Cannabis Curious Find New Strains, Edibles And More At Cannabis Expo

Cannabis Curious Find New Strains, Edibles And More At Cannabis Expo
Cannabis Curious Find New Strains, Edibles And More At Cannabis Expo

More than 2,000 people attended the Arkansas Times Cannabis and Wellness Expo at Simmons Bank Arena Saturday where they found an exhibit hall of cannabis businesses, new products, doctors and cooking demonstrations. 

The two-day event began on Friday with Industry Day in which many of the state’s cultivators, dispensaries and processors gathered to learn about one another’s products and discuss an industry that has exceeded $1 billion in sales since the first legal sale in 2019. 

At about 10:30 Saturday morning, the line to enter the event stretched out of the lower-level entrance onto the sidewalk along Washington Street in North Little Rock where dozens braved the 20-degree weather for a chance to learn about the state’s dispensaries, products and more. 

Good Day Farm, which operates six dispensaries in the state, had a variety of booths in the lobby area where visitors could spin a wheel for prizes, including water bottles, tote bags, and can koozies. 

In the arena, exhibit booths lined the wall and the center of the floor where Dark Horse Medicinals, a Little Rock cannabis processor, offered information on its products, including Big Pete’s Cannabutter. Sean Stokes, Dark Horse’s lab director, explained that most edibles on the market are sugary chocolates and gummies and that cannabis-infused butter allows patients to add butter to savory foods and to use it in the amounts that they desire. 

Brian Chilson
ON THE WAY: Keef Sodas should be on the market in 3-4 months, according to Conor McNally (left).

Conor McNally manned another table for Dark Horse with information on Keef cannabis-infused beverages. The products, which will be manufactured at Dark Horse’s Little Rock facility, should be available in 3-4 months, he said. The sodas will come with 100mg of THC but they will have a “dosing cap” and a resealable lid, so patients won’t have to drink the entire can at once. The sodas from Keef, which started in Boulder, Colorado in 2010, will be available in Orange Kush, Bubba Kush Root Beer, Purple Passion grape flavor and Original Cola. McNally said the non-medicated orange and grape flavors were popular with visitors on Saturday, although he said the root beer flavor is popular in Colorado, especially for root beer floats. 

The Dark Horse display also featured a sign that said “Dark Horse Dispensary Coming Soon.” The state Medical Marijuana Commission recently voted to allow Dark Horse CEO Casey Flippo to purchase Hash and Co. dispensary in Pine Bluff.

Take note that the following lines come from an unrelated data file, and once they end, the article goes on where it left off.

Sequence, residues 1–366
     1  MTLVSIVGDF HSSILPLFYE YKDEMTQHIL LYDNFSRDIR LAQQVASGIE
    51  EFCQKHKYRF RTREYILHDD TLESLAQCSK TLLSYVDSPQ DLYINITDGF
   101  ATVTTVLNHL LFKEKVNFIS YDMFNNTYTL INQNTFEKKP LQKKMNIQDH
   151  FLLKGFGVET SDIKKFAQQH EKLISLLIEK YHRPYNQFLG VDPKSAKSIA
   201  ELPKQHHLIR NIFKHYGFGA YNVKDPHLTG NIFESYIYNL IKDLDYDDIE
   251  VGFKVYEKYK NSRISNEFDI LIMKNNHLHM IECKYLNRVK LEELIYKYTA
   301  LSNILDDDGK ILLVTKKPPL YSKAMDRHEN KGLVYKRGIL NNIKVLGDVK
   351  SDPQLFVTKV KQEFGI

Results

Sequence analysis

Brian Chilson
NEW STRAINS: Hot Springs cultivator Leafology used the expo to promote three new strains.

Meagan Chris, director of operations at Hot Springs cultivator Leafology, used the expo to promote new strains and products. Three new strains – Citradelic Sunset, Pez Mints and Garlic Cake — will initially be sold exclusively at Custom Cannabis dispensary in Alexander. Leafology also promoted on Saturday its cannabis-infused food seasonings, which include garlic, nacho cheese and taco flavors. The three flavors will be released soon, Leafology President Brent McCord said. 

Custom Cannabis used the expo as an opportunity to teach visitors about terpenes, which are aromatic non-psychoactive compounds found in cannabis plants. Lonny Chris, the store’s general manager, said he wanted to help people find terpenes they like to help them shop for products based on the terpene profile. 

Pete Steppach, known as Chef Pete the Cannachef, demonstrated with hemp how to prepare cannabis for cooking. Steppach, who performs in-home cooking courses for medical marijuana patients, described a careful process that included using a sous vide method to heat the cannabis, or decarboxylate it, before cooking. 

MEDICINAL MUSHROOMS: Sound Extractions uses sound vibrations to create medicinal mushrooms extracts, Lab Director Garrett Collums said.

Several non-cannnabis businesses also set up booths, including Sound Extractions, a Conway company that creates medicinal products derived from mushrooms. Garrett Collums, a registered dietitian and the company’s lab director and chief holistic officer, said the business uses sound vibrations to extract certain components from the mushrooms and described the medicinal qualities of each. 

Dozens of people lined up at the back of the exhibit hall to visit the eight doctors who were on hand to perform certifications, which are required for patients to become eligible for Arkansas’s medical marijuana program. The state has about 97,000 cardholders, according to recent reports from the state Department of Health. 

Brian Chilson
STATE REGULATION: Chip Leibovich (center) and Christy Bjornson (second from right) of the state Alcoholic Beverage Control division participated in a discussion about state regulation on Friday.

On Friday, industry professionals attended a variety of panel discussions on topics including women in cannabis, state regulations and lab testing. Annie Iselin of Cotton Plant cultivator BOLD Team and Ryan Kenaga of Fort Smith cultivator River Valley Relief discussed their new collaboration called Ask Ethel, which will seek to educate the public about cannabis and reduce the stigma surrounding it. The first Ask Ethel events will be held next Saturday.



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